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Oberwolfach Reports

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Volume 17, Issue 1, 2020, pp. 273–376
DOI: 10.4171/OWR/2020/5

Published online: 2021-02-09

Boundary Element Methods

Stéphanie Chaillat-Loseille[1], Ralf Hiptmair[2] and Olaf Steinbach[3]

(1) ENSTA - UMA Paris-Tech, Palaiseau, France
(2) ETH Zürich, Switzerland
(3) Technische Universität Graz, Austria

The field of boundary element methods (BEM) relies on recasting boundary value problems for (mostly linear) partial differential equations as (usually singular) integral equations on boundaries of domains or interfaces. Its main goal is the design and analysis of methods and algorithms for the stable and accurate discretization of these integral equations, the data-sparse representation of the resulting systems of equations, and their efficient direct or iterative solution.

Boundary element methods play a key role in important areas of computational engineering and physics addressing simulations in acoustics, electromagnetics, and elasticity. Thus progress in boundary element method, both theoretical and algorithmic, is definitely relevant beyond mathematics. Boundary element methods had been developed for many decades, but during the past two decades the field has seen a surge in research activity, spurred by algorithmic and theoretical breakthroughs concerning BEM for electromagnetics, time-domain methods, new approaches to eigenvalue problems, adaptivity, local low-rank matrix compression, and frequency-explicit analysis, to name only a few.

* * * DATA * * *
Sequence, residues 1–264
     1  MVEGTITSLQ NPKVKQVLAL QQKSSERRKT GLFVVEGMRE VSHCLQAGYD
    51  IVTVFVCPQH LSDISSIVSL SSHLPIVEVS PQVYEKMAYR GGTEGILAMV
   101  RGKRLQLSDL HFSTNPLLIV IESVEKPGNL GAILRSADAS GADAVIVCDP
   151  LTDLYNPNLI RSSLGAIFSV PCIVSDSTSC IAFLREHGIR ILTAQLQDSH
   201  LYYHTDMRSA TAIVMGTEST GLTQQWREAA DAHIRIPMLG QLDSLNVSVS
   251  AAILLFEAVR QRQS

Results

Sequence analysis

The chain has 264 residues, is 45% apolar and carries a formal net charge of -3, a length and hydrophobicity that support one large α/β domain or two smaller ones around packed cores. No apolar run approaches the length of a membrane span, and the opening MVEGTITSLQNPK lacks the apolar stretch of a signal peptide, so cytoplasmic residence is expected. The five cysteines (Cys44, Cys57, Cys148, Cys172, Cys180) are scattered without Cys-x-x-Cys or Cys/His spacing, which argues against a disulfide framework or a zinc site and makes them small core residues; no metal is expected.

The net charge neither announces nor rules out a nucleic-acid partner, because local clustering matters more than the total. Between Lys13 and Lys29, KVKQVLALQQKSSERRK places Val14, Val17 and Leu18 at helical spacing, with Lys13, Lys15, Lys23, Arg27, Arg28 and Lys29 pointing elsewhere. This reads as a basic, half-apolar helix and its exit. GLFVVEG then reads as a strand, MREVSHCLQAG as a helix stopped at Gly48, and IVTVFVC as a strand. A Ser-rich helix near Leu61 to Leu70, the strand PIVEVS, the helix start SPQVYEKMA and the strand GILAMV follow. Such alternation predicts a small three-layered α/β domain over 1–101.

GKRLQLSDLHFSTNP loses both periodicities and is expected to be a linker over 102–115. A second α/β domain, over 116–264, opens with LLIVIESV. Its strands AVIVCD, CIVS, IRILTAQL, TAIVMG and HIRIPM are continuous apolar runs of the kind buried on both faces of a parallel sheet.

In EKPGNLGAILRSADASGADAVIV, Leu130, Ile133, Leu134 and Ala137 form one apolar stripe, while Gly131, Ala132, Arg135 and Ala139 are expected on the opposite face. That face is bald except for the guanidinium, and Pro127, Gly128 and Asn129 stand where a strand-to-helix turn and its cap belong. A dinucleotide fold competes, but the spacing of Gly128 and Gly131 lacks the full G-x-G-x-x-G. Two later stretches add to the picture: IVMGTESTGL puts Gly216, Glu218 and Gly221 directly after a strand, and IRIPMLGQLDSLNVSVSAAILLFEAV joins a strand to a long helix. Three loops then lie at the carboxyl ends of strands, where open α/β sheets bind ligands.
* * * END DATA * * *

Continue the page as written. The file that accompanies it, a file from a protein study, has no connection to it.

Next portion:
The contributions in this report give an impressive panorama of the many and diverse current research activities in BEM. They range profound mathematical analyses with striking results to new algorithmic developments. On the one hand, the results are based on a large variety of tools from many areas of mathematics. On the other hand, research in BEM blazes the trail for progress in the numerical treatment of non-local operators, a field that is rapidly gaining importance.

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Chaillat-Loseille Stéphanie, Hiptmair Ralf, Steinbach Olaf: Boundary Element Methods. Oberwolfach Rep. 17 (2020), 273-376. doi: 10.4171/OWR/2020/5